Central Park, New York City

Discussion in 'Botany Photo of the Day Submissions' started by Regina13, May 31, 2008.

  1. Regina13

    Regina13 Member

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    We are having a beautiful spring here in New York City and I wanted to share a few photos. I was lucky enough to have the opportunity to go over Central Park in a helicopter recently. The Kwanzan cherries around the Reservoir were in full bloom. I am also including a couple of photos of Kalmia latifolia. For some reason we have trouble establishing this plant in the park, but this year they look fantastic. This is my first post to this forum. I hope you enjoy the photos.
    Regina Alvarez
    Director of Horticulture and Woodland Management
    Central Park Conservancy
    New York City
     

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    Last edited: May 31, 2008
  2. Ron B

    Ron B Paragon of Plants 10 Years

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    Kalmia latifolia is often hard to establish. Form shown a bit unusual for having only a little pinkness to the flowers.
     
  3. Michael F

    Michael F Paragon of Plants Forums Moderator 10 Years

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    Interesting to see the aerial photo. Tho' I fear the photos are probably too small for the Botany Photo of the Day feature, if I remember rightly they need to be over 200 or is it 250 kb.

    Spellcheck: Kanzan. The 'w' is an all-too-common nurserymans' error.
     
  4. Ron B

    Ron B Paragon of Plants 10 Years

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    'Kwanzan' and 'Kanzan' refer to the same place. 'Kwanzan' is merely an older spelling.
     
  5. Regina13

    Regina13 Member

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    I posted the photos in the original size, maybe they will be large enough.
     
  6. Michael F

    Michael F Paragon of Plants Forums Moderator 10 Years

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    But 'Kanzan' is the original, and therefore correct, spelling of the cherry cultivar name in Roman script.
     
  7. Liz

    Liz Well-Known Member 10 Years

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    Thankyou for the great photo Regina. What a lovely park in the middle of the concrete jungle. I did not realise how large it was. I am very used to parks all over the place here in Melbourne Australia. I did not realise what a precious resource for time out this is for New Yorkers..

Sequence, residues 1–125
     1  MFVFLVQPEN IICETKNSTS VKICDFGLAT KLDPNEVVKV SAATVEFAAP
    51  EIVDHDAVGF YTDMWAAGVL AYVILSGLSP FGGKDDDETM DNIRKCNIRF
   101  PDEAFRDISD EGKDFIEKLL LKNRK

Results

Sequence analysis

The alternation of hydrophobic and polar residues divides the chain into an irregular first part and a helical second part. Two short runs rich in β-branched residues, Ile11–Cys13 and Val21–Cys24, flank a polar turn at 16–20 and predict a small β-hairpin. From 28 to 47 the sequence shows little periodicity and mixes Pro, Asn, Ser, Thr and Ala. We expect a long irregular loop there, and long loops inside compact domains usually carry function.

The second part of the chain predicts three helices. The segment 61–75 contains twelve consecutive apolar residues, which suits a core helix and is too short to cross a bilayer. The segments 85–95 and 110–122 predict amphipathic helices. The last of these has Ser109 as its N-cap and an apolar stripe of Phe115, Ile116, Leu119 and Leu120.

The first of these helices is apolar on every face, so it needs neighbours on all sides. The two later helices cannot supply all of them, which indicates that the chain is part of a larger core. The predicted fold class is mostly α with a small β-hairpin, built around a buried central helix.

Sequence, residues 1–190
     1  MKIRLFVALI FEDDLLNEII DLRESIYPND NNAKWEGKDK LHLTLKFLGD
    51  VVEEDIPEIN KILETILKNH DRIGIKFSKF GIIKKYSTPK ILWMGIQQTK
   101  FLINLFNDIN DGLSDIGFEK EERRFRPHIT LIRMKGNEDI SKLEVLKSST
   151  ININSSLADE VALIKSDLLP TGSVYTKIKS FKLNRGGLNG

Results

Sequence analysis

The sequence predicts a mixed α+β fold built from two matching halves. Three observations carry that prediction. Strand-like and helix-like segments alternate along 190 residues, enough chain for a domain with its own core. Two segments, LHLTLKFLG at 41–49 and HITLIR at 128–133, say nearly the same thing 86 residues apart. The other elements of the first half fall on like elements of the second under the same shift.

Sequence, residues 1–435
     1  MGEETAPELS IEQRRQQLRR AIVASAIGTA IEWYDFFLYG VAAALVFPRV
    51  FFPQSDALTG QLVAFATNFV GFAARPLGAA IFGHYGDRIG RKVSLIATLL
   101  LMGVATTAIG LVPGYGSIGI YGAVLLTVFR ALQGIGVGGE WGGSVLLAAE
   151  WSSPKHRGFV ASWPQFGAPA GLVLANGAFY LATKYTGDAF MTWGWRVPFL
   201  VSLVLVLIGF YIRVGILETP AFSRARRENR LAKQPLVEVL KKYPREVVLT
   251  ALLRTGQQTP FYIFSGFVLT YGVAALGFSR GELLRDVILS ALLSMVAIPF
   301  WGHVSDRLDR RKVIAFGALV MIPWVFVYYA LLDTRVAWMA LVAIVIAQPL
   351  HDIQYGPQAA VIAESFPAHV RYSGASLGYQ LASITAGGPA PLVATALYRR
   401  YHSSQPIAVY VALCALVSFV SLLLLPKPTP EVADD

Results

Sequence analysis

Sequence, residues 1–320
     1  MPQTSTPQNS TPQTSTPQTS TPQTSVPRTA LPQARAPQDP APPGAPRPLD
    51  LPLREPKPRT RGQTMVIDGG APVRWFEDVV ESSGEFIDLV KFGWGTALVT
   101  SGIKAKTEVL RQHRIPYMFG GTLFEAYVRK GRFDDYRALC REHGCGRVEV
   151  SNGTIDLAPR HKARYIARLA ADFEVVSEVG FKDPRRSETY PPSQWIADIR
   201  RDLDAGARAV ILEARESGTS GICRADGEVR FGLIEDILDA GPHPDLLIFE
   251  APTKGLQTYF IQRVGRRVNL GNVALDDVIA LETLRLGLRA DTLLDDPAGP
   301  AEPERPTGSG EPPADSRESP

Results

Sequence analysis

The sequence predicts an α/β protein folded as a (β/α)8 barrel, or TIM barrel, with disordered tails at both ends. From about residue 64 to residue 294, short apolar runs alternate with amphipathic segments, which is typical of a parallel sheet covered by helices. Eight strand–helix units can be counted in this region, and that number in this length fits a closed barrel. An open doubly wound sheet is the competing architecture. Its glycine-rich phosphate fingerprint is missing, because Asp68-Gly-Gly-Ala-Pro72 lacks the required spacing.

Liz
     
  8. Regina13

    Regina13 Member

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    It really is a wonderful resource for us. It is a completely man-made park designed and constructed in the 1850s. 341 hectares (843 acres), it's not only important for all of us that live in the city, but it is an important habitat for migrating birds. We get close to 300 species of birds stopping in the park during migrating season. It is one of the best birding spots in the U.S.
     
  9. Michael F

    Michael F Paragon of Plants Forums Moderator 10 Years

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    Interesting to compare the aerial photo with Google Earth; the faint greenish-yellow band across the lake (lower left of photo) also appears on G.E. - what is it? And what are the things that look like sand pits in the middle of the photo?
    Easy to see that from a bird's eye view, it appears as a green oasis in a stony desert, so will be a strong magnet. The habitats that I can't see (on this view) are marshland (for e.g. Marsh Wren), wet mud (for shorebirds), and long grass with scattered low shrubs (for e.g. Grasshopper Sparrow).
     
  10. Ron B

    Ron B Paragon of Plants 10 Years

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    "Kan can also be read as seki ("border") and zan can be read as yama ("mountain"). Thus the cherry 'Kanzan' is also called 'Sekiyama' or 'Sekizan'. 'Kwanzan' is an obsolete spelling of 'Kanzan'. Why the name 'Kanzan' was applied to the cherry still remains a question".

    --Kuitert, Japanese Flowering Cherries (1999, Timber Press, Portland
     
  11. Regina13

    Regina13 Member

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    Michael - The water body you are referring to is the Reservoir. It once served to provide water to the residents of New York City. The faint band you see is a walkway between two pumping stations (you can see one of the stations at the top end of the band). The water can be lowered and workers can walk between the two buildings.
    What look like sand pits in the middle of the photo are one of our groups of ballfields, called the Great Lawn.
    We do have small marshy areas in the park, nothing very extensive and we occasionally get marsh wrens. We have one meadow that is several acres in size and other smaller areas with native grasses, but as far as I know we have never had a grasshopper sparrow. Few mud areas, we do get some shore birds passing through.
    http://www.nycbirdreport.com/sites/1/expyear.html
    This site has a list of the most commonly seen birds in the park, around 200 species. Our total list over the years is a little over 275 species.
     
  12. Michael F

    Michael F Paragon of Plants Forums Moderator 10 Years

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    Thanks!
     

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